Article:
By Rob Hunter for The Guardian, The US supreme court announced on Monday that it will decide on the legality of Donald Trump’s travel ban. It also partially stayed injunctions against the ban, meaning that the administration can impose 90-day bans on people traveling from six Muslim-majority countries (unless they have a “bona fide relationship” with someone in the US), and that it can bar refugees from entering the US for up to 120 days. It’s likely that the court will eventually uphold all or part of the ban as an appropriate exercise of the president’s powers. Only mass confrontational politics can prevent that from happening, or undo it if it does happen. It was direct action, not legal argument, that stopped the administration from implementing the travel ban in its entirety earlier this year. The original ban quickly faced stiff protest in January. Rapid mass mobilization, combined with the organizing skills of activists and immigration advocates, produced the thrilling spectacle of large-scale direct action in some of the most heavily policed spaces in the country: airports. Federal judges responded to the pressure by issuing orders blocking removals under the ban, and later preventing enforcement of the ban’s provisions. Injunctions were also later issued against a revised ban that was reworded to be less transparently Islamophobic.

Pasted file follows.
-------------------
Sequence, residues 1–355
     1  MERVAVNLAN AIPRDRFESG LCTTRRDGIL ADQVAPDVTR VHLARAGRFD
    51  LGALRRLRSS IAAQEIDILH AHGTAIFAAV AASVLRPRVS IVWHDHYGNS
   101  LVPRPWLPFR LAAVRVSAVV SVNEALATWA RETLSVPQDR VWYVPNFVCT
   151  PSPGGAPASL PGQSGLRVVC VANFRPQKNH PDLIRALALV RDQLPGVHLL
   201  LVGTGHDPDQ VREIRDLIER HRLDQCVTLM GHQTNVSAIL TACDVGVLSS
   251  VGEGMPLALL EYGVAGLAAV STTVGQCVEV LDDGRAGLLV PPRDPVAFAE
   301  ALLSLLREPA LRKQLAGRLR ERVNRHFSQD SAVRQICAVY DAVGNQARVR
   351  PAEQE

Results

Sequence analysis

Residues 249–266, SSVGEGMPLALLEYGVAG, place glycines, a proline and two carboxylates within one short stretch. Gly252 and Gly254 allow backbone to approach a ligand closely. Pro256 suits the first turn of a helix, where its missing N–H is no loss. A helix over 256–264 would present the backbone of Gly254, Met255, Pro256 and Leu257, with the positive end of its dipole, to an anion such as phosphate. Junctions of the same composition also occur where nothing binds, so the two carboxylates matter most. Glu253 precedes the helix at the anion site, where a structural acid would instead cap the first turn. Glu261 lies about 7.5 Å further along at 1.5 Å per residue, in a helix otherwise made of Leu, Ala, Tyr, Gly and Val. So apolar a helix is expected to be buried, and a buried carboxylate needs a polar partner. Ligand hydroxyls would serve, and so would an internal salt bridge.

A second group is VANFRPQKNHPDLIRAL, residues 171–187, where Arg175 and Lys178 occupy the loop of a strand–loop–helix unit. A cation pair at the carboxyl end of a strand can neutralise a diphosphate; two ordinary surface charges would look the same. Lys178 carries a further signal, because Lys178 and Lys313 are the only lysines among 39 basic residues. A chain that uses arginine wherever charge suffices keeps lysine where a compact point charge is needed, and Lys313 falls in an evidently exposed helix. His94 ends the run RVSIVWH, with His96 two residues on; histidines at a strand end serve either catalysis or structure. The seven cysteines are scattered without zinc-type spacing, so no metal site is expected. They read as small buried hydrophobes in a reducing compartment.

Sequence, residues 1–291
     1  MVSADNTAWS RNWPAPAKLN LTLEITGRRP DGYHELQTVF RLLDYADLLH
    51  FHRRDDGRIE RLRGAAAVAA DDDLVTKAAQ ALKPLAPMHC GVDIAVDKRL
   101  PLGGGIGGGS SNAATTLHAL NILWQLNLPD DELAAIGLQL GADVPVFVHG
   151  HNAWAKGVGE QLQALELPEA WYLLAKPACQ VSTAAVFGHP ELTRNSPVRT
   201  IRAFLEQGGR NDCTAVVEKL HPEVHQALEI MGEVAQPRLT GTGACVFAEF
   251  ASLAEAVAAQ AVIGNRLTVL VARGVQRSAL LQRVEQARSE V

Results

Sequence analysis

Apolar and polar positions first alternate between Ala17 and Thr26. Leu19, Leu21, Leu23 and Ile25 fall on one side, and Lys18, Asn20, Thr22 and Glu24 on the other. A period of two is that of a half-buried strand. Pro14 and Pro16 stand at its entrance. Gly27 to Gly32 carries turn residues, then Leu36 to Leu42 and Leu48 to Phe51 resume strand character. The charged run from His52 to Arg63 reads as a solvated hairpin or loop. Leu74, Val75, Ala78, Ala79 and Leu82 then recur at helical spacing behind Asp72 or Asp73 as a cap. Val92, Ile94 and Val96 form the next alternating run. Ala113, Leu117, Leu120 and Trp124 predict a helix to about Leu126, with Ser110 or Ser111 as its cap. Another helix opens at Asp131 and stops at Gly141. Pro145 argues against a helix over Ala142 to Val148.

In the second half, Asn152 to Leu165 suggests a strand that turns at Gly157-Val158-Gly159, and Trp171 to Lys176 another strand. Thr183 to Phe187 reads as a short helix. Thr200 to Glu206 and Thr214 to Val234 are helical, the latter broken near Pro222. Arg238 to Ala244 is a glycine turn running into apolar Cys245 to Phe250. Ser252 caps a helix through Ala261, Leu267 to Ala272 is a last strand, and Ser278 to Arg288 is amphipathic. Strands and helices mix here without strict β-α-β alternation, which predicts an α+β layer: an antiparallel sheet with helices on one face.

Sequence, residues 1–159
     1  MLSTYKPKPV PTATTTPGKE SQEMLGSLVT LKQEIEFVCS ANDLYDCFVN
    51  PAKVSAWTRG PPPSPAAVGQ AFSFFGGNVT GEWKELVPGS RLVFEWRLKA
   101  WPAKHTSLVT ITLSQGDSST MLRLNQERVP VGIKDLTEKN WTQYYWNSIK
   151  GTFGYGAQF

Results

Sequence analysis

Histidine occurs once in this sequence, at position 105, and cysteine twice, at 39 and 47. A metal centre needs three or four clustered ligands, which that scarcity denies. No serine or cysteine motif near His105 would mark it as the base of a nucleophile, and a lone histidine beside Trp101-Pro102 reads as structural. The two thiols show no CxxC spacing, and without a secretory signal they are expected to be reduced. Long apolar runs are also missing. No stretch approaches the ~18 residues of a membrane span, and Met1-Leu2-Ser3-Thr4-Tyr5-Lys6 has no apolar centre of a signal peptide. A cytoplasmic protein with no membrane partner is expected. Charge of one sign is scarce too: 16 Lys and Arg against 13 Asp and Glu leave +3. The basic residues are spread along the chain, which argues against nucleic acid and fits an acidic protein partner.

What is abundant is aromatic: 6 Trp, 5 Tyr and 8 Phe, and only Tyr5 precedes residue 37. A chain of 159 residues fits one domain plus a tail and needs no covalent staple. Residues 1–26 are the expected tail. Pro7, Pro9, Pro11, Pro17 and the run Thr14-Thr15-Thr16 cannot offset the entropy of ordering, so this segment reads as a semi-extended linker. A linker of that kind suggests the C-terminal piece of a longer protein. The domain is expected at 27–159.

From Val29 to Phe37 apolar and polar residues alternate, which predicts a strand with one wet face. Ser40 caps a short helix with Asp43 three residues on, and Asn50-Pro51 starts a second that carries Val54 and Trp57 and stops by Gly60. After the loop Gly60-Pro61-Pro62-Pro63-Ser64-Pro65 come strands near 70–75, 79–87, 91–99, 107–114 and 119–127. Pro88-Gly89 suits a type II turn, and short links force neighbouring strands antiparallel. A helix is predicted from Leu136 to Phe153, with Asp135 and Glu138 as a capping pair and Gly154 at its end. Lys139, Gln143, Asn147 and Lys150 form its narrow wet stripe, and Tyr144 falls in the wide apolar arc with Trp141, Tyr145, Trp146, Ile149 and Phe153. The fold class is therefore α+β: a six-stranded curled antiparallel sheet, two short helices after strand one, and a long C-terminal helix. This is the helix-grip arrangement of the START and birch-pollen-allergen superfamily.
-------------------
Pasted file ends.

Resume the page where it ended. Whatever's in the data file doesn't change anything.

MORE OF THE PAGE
By Cristian Farias for The Huffington Post - President Donald Trump couldn’t appease the appeals court that first rebuked him over his travel ban, as a panel of judges dealt him yet another legal setback Monday despite administration efforts to help the ban survive judicial scrutiny. More than three months since the president went back to the drawing board on his original executive order, the U.S. Court of Appeals for the 9th Circuit again refused to reinstate the revised version, which aimed to impose a ban on travel from six Muslim-majority countries and a suspension of the refugee resettlement program. “The Immigration and Nationality Act ... gives the President broad powers to control the entry of aliens, and to take actions to protect the American public. But immigration, even for the President, is not a one-person show,” said the court in a unanimous, unsigned ruling. “The President’s authority is subject to certain statutory and constitutional restraints. We conclude that the President, in issuing the Executive Order, exceeded the scope of the authority delegated to him by Congress,” the court added.